4. National accounts data is weak, with inconsistencies, both internally and with balance of payments statistics. Estimates for the informal sector are based on information that dates back to 1978. The Directorate General of Statistics (DGS) of the Ministry of Finance (MoF) provides Fund missions with a breakdown of GDP by expenditures and sectors, both in nominal and real terms. In the framework of moving to the SNA93 system of accounts, the DGS completed the national accounts estimates for 2005 (the new base year) and for 2006, with the assistance of the resident statistical expert and Central AFRITAC. Authorities are currently working with the Central AFRITAC to revise the national accounts’ estimates back to 2000 and up to 2008.

5. Annual data on employment in the central government are available from the MoF, but are not consistent with data from the civil service roster of the Ministry of the Civil Service. As part of the structural reforms undertaken in the context of the post-conflict program, the government completed an audit of public service employees, but the two civil service’s databases are yet to be unified. Data on employment in the private sector are not available.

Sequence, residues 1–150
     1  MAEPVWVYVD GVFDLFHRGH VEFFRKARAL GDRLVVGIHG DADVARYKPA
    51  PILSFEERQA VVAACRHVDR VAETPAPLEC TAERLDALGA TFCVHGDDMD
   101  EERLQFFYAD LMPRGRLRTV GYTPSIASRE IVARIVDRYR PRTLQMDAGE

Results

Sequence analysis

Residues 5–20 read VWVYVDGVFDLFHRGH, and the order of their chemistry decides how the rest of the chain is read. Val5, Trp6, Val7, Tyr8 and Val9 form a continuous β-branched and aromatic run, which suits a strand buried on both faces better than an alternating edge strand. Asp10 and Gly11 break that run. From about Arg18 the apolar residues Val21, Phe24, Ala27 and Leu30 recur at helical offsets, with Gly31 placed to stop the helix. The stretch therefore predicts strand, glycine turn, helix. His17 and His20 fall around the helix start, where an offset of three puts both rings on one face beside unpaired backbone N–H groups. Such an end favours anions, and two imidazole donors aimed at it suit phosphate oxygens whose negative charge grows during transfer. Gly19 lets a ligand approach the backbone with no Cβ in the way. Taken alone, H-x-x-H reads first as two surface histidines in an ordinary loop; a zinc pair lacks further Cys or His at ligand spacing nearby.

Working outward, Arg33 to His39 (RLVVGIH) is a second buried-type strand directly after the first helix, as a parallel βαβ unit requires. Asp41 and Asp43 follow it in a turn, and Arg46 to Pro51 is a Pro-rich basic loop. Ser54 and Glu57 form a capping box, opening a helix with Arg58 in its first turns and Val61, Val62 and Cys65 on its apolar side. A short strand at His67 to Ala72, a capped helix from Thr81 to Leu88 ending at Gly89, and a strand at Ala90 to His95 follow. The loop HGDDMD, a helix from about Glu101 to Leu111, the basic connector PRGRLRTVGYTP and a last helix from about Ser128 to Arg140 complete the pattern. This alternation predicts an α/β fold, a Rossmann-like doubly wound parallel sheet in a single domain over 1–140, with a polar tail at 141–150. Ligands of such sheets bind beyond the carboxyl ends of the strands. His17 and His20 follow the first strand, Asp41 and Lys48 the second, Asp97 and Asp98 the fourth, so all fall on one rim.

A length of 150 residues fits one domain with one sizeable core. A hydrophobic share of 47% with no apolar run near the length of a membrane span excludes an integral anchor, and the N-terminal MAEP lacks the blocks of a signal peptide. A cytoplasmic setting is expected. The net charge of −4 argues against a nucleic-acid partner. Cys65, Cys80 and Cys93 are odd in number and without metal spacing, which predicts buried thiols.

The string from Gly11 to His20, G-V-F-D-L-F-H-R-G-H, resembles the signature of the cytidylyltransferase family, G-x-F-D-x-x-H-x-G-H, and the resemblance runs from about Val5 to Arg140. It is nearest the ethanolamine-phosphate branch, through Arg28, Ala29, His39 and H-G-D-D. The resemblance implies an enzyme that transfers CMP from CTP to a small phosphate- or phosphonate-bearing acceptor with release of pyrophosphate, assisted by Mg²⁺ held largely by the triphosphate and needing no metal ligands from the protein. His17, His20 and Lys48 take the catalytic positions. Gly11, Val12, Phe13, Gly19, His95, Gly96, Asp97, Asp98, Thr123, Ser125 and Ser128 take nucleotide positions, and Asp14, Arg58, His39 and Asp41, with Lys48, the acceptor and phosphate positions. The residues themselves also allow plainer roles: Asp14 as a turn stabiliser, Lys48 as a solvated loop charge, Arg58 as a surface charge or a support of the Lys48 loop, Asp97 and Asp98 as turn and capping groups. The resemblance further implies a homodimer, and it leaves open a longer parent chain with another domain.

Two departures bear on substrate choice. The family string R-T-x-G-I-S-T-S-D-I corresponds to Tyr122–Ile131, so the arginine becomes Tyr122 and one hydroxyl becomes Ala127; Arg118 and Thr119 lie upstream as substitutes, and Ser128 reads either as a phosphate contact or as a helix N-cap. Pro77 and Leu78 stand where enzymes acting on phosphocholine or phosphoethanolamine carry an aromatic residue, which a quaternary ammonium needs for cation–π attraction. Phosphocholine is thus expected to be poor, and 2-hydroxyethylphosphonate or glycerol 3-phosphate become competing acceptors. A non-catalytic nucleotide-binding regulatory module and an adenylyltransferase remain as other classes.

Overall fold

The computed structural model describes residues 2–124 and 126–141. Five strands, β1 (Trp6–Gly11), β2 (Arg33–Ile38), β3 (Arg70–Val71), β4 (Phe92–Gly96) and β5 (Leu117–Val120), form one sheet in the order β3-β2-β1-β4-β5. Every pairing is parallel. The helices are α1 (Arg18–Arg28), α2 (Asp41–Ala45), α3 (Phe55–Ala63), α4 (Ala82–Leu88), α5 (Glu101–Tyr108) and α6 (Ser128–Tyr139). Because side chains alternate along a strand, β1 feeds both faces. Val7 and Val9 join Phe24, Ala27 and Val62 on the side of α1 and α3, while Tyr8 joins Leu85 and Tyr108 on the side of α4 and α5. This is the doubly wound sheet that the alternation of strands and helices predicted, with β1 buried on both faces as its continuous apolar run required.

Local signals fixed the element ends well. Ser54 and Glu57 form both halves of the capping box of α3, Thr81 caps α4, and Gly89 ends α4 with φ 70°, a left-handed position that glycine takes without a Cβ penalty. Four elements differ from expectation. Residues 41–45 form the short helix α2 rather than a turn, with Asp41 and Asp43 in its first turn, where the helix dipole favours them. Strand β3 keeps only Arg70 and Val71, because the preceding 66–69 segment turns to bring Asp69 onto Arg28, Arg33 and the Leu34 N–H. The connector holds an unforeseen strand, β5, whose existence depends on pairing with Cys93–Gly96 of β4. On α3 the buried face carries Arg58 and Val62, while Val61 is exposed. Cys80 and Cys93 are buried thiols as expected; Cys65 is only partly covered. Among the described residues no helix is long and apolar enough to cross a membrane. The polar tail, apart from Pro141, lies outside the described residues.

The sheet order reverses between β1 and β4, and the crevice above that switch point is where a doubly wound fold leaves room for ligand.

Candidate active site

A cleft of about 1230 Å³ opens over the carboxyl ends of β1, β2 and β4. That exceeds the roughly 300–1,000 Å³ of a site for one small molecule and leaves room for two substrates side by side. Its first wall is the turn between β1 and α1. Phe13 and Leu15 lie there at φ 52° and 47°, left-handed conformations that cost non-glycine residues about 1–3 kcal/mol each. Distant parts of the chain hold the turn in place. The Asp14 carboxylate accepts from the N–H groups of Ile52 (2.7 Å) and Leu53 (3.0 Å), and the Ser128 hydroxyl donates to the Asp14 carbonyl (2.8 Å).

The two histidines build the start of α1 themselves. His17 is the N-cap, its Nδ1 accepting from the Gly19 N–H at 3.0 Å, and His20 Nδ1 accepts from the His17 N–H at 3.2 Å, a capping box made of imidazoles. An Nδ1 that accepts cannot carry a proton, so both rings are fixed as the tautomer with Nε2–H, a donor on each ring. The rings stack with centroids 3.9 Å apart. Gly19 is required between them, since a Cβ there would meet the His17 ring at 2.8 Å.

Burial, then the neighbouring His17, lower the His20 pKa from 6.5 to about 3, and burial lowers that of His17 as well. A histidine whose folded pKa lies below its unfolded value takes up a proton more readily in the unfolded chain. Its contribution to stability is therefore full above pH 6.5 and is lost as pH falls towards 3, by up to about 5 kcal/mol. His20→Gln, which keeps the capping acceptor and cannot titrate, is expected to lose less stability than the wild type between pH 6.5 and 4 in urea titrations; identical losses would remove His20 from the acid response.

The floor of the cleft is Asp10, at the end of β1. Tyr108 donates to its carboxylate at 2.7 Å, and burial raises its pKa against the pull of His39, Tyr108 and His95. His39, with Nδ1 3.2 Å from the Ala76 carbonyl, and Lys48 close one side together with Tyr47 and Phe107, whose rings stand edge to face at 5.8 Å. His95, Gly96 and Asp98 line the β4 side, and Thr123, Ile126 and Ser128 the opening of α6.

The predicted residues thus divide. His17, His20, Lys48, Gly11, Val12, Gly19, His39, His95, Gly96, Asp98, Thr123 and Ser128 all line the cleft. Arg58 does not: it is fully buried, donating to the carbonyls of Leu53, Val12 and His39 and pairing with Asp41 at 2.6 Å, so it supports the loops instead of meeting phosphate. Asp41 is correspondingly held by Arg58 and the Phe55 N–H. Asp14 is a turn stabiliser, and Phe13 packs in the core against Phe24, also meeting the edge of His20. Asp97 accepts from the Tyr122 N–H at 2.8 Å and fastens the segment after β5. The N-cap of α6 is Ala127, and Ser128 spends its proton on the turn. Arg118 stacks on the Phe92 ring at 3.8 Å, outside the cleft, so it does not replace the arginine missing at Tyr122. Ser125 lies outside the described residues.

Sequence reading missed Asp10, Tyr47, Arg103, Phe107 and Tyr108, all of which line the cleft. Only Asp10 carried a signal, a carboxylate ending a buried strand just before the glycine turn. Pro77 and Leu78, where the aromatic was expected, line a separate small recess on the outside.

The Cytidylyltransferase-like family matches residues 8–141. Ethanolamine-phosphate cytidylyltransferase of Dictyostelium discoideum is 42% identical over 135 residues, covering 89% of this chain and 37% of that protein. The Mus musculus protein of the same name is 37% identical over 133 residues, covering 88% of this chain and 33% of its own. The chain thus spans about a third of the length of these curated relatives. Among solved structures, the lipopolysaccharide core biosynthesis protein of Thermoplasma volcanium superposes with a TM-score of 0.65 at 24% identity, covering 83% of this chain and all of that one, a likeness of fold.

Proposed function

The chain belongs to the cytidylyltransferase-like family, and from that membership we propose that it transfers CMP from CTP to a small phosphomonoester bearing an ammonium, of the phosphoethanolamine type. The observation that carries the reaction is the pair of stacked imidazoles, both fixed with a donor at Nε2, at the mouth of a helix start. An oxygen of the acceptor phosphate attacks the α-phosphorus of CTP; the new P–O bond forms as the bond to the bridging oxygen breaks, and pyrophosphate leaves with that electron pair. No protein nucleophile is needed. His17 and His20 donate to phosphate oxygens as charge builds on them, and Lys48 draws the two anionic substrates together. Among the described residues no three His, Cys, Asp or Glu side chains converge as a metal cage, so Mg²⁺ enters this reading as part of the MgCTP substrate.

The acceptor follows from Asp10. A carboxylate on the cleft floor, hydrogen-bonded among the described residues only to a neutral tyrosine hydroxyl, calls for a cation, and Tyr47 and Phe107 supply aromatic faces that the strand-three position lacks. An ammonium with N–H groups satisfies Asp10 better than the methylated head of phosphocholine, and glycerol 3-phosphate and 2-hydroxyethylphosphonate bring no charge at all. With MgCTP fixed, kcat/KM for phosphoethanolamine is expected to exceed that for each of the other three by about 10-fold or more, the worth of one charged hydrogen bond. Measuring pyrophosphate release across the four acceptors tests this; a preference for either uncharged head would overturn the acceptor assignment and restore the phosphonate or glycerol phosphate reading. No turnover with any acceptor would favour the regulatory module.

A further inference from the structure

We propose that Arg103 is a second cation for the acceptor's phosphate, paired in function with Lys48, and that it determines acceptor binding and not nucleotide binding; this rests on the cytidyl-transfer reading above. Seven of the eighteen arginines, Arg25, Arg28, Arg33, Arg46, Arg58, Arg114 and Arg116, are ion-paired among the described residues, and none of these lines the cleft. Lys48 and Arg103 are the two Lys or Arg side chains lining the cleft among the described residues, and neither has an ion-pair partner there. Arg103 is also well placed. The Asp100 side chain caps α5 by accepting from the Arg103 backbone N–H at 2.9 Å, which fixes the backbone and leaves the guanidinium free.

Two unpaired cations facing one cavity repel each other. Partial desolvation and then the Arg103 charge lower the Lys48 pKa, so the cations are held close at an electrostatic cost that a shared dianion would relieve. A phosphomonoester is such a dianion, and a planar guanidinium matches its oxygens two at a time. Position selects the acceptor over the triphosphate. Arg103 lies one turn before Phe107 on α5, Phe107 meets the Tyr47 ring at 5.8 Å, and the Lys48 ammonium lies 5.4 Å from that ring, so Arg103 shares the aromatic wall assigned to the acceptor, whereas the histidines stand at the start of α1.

6. Movements in the prices of commodities consumed by households are recorded for the capital city of Brazzaville (weights for 1977 and price reference period of December 1977) and for Pointe Noire (price reference period of January 1996 and weights for 1989)—the second largest city. Weights no longer reflect current household consumption patterns. Data are compiled on a monthly basis. The authorities intend to harmonize their CPI measure with that of other countries in the Central African Economic and Monetary Community (CEMAC).

Government finance statistics

7. Government finance statistics (GFS) has benefited from recent efforts to increase the comprehensiveness of the data through the adoption of systematic compilation practices. The increased interagency cooperation is in line with the recommendations of the May 2002 multisector mission, which recommended that systematic procedures be established for the compilation of government finance statistics, based, to the extent possible, on a unified set of accounting and administrative records using the GFSM 2001 classifications.

8. The Republic of Congo has reported (in September 2008) GFS data to STA for fiscal years 2004 and 2005 using the GFSM 2001 template—data for 2006 and 2007 has experienced delays. High-frequency fiscal data has not yet been reported for publication in IFS. The compilation of GFS statistics to be reported to the Fund should be carried out in close cooperation with the division in charge of TOFE statistics.

9. Progress is underway to address these shortcomings. In February/March 2003, a FAD follow-up mission found that most of the recommendations of the 2001 FAD mission on expenditure management, in particular with regard to the centralization of all government revenue and execution of public expenditure through the budget, are being implemented, and steps have been taken to computerize expenditure chain accounting.